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Jessica Martin
01223 766 166

Mutations in DDX3X have recently been identified as a common single-gene cause of unexplained Intellectual Disability (ID) in females. Girls and young women with DDX3X mutations experience higher levels of anxiety, self-injurious behaviour and autistic characteristics compared to females with other single-gene causes of ID. My research focuses on understanding anxiety and related characteristics in DDX3X. In particular, I am interested in exploring possible biobehavioural and cognitive mechanisms underlying developmental vulnerability for anxiety disorders in DDX3X. 

Beyond DDX3X, I am also interested in understanding social, emotional and behavioural characteristics of young people with genetic disorders and ID, and the wider experiences of these individuals and their families. In my previous work, I have explored predictors of autism characteristics in single-gene causes of ID.  I have also explored the experiences of families of young people with rare neurogenetic disorders during the COVID-19 pandemic in the UK, using both quantitative and qualitative methods.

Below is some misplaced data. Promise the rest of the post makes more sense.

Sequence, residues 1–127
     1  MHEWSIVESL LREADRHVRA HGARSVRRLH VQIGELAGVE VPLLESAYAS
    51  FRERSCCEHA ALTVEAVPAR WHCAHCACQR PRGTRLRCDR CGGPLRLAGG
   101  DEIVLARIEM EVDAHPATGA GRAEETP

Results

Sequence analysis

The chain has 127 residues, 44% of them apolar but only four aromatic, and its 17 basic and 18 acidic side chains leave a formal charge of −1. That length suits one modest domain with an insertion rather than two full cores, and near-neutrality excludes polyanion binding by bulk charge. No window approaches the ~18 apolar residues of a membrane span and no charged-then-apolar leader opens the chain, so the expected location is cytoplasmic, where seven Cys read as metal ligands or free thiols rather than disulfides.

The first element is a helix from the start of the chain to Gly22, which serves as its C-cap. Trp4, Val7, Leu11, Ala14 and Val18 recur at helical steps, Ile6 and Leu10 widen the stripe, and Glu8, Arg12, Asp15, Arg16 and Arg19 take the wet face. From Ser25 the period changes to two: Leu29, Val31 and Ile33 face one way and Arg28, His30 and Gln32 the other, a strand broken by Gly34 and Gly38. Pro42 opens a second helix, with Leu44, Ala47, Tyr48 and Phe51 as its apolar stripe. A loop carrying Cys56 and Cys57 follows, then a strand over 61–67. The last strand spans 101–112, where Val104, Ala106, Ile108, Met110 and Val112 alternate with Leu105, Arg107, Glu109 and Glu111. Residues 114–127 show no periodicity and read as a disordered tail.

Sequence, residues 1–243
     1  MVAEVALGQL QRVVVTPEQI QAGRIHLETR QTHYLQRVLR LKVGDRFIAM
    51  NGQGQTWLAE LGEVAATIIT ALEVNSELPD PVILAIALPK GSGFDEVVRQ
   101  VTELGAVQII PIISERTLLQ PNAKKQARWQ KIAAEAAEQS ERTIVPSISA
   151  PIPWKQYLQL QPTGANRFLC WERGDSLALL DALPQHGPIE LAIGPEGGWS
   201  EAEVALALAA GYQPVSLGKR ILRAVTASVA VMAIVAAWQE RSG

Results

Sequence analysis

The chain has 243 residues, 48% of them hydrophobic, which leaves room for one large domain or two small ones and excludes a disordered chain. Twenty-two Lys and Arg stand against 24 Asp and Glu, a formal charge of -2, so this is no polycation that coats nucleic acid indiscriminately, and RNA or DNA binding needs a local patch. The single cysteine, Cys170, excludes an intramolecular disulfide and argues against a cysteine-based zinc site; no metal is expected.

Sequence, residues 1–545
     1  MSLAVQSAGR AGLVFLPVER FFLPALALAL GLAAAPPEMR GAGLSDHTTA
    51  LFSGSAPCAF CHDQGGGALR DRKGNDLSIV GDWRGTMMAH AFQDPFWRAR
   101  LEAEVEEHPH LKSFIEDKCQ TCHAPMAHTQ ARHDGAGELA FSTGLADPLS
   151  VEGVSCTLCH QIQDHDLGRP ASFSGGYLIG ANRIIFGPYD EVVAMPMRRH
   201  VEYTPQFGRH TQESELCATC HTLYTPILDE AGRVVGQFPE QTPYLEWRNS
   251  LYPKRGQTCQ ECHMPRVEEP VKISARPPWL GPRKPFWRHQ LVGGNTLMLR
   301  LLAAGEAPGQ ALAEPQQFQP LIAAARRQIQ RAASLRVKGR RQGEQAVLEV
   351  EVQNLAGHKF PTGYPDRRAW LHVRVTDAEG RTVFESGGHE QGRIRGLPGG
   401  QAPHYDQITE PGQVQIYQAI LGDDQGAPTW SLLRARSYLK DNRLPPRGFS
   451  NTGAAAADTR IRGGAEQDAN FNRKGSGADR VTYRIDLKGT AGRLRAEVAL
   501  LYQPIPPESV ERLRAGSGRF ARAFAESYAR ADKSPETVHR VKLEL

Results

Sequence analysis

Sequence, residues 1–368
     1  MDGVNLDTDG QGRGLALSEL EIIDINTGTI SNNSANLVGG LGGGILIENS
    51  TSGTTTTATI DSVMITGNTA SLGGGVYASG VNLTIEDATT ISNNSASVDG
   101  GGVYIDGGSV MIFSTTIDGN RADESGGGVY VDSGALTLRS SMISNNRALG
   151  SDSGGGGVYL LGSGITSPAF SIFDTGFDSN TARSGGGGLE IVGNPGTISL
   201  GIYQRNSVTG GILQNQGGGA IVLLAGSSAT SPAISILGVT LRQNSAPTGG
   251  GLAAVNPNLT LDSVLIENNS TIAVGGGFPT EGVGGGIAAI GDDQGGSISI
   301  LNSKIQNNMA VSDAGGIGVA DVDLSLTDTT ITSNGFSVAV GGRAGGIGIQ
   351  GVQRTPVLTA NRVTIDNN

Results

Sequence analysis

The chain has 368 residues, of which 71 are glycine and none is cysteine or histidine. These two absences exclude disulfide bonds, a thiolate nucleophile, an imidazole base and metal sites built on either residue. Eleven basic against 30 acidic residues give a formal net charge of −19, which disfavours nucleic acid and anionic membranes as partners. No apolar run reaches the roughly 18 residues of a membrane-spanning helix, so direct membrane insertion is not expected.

My research is supervised by Dr Kate Baker and is funded by the Medical Research Council. 

CBSU publications
Robertson, K., Richards, C., Scerif, G., BAKER, K., Tye, C., MARTIN, J. (In Press) Experiences of parents of children with rare neurogenetic conditions during the COVID-19 pandemic: an interpretative phenomenological analysis, BMC Psychology [Read More]

BRKIC, D., NG-CORDELL, E., O’BRIEN, S., MARTIN, J. , SCERIF, G., AASTLE, D., BAKER, K. (2022) FarmApp: a new assessment of cognitive control and memory for children and young people with neurodevelopmental difficulties, Child Neuropsychology [Open Access]